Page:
Alternatively, mechanical members 38 may be formed using a twisted wire brush fabrication technique. The twisted wires may comprise one or a plurality of wires. For the twisted wire approach, as part of the fabrication process, the bristles may be inserted into a hollow tube or shaping sleeve having a diameter smaller than the bristles in order to set a permanent angle to the bristles. FIG. 5A depicts an anchoring base 50 having bristle tufts 52 extending normal to insertion rod 54. Bristle tufts 52 are preferably made of a flexible wire material that is capable of retaining its reconfigured shape after force is applied. In this manner, when anchoring base 50 is inserted into a shaping sleeve or tube 56 having a diameter less than the total diameter extension of bristle tufts 52, bristle tufts 52 will bend upward towards the connector and/or flange direction. FIG. 5B depicts the bending of bristle tufts 52 when anchoring base 50 is inserted within shaping sleeve 56. FIG. 5C depicts the resultant anchoring base 50 with upwardly angling bristle tufts 52 after shaping sleeve 56 is removed.

FIG. 6A depicts an alternative embodiment of an anchoring base 60 having mechanical members 62 comprising flexible discs or vanes. Flexible discs 62 may be round, as depicted in FIG. 6B in a top perspective view, but are not limited to any particular shape, and as such, square, pentagonal, hexagonal, or other n-sided figures may be employed, as well as non-straight edge shapes. As depicted in FIG. 6B, flexible discs 62 are shown with slots 66; however, they may be formed without perforations as well. Spacers 64 may be used to separate flexible discs 62. Spacers 64 may be separate from or integral with flexible discs 62.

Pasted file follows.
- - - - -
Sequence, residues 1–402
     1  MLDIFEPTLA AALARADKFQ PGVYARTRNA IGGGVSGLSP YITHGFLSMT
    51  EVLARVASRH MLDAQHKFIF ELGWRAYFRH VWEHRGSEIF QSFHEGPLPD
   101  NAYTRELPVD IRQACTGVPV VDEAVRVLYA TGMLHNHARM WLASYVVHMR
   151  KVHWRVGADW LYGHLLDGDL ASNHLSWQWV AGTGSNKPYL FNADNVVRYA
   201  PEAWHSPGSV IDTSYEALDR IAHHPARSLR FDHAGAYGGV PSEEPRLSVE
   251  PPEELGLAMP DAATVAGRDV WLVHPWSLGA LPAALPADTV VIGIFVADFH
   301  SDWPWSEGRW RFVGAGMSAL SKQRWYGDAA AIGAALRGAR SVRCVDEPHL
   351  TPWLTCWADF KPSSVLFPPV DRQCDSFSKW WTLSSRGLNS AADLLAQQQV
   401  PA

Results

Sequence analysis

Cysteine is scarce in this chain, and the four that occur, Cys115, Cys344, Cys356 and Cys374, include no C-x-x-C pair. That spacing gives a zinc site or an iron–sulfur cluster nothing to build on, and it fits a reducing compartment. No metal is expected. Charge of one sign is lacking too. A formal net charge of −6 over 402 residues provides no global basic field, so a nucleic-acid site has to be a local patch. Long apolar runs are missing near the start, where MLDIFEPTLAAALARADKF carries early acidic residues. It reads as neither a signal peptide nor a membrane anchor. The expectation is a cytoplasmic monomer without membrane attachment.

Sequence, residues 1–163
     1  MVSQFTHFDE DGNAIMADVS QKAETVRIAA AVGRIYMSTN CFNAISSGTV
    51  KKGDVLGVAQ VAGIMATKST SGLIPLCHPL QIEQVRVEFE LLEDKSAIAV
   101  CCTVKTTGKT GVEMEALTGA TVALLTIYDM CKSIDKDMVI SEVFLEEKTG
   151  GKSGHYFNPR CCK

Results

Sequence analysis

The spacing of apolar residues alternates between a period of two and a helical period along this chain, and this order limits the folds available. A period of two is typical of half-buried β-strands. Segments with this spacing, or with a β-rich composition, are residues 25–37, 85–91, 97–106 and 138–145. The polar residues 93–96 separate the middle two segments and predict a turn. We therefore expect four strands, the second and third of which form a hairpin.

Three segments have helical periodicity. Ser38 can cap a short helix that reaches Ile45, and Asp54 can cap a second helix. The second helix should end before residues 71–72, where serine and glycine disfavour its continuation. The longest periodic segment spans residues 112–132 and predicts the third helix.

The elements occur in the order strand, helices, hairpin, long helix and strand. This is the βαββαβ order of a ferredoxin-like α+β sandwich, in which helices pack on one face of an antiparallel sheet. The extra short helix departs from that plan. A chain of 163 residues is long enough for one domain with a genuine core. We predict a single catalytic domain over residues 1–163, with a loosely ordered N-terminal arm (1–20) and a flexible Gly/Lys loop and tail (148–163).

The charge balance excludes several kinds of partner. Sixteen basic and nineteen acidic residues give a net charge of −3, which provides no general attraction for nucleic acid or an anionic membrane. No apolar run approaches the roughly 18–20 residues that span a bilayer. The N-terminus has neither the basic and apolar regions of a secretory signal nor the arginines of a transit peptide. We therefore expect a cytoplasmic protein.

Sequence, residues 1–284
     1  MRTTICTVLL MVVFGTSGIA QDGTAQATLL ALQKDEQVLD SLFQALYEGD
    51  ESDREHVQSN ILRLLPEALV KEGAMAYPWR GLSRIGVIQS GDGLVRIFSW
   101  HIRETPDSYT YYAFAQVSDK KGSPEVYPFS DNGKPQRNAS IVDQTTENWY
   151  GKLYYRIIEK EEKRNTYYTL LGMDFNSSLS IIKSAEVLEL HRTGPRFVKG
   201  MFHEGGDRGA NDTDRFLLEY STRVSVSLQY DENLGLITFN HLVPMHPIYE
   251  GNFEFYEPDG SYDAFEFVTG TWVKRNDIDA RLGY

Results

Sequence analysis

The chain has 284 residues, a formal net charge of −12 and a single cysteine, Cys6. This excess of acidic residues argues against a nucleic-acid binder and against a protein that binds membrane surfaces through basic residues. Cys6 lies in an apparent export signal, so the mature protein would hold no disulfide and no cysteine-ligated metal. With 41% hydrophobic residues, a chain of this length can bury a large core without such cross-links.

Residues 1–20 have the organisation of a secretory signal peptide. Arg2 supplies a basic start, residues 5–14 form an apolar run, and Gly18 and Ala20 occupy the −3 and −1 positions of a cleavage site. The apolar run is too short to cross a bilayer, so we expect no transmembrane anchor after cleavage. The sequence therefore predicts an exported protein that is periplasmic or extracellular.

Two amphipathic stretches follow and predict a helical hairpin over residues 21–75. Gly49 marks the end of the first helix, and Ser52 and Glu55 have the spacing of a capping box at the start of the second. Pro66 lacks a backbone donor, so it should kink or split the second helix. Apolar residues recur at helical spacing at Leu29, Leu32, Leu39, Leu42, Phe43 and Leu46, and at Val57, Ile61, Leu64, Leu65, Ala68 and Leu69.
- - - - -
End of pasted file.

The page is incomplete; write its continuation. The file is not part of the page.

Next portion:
FIG. 7 depicts an alternative embodiment of an anchoring base 70 having an optional flange 76, and a flexible, spirally wound vane 72 terminating in an optional end cap 74.

In either alternative embodiment, flexible discs 62 or spirally wound vane 72 would reconfigure during insertion in a similar fashion as the bristle tufts, bending upwards relative to the insertion rod, and remaining in an upward slanted direction once inserted in the pre-drilled hole with enough strength to resist vertical extraction forces.

At some point, each slalom gate will need to be extracted from the snow pack. The present invention provides for easy extraction through the reconfiguration, for a second time, of the mechanical members of the anchoring base, such that the mechanical members no longer strenuously impede the upward extraction forces.

As depicted in FIG. 8A, in order to extract slalom pole 80 having an anchoring base 82 of the present invention, a rotation 84 about the slalom pole's longitudinal axis 86 is required. This will reconfigure the upwardly angled mechanical members 88. FIG. 8B depicts mechanical members 88 after the extracting rotation is performed. Mechanical members 88 will loose the upwardly angled position and extend radially normal from and circumferentially from insertion rod 90. In the case where mechanical members 88 are more flexible, they may remain in an upwardly angled direction, but twist around and compact closer to insertion rod 90.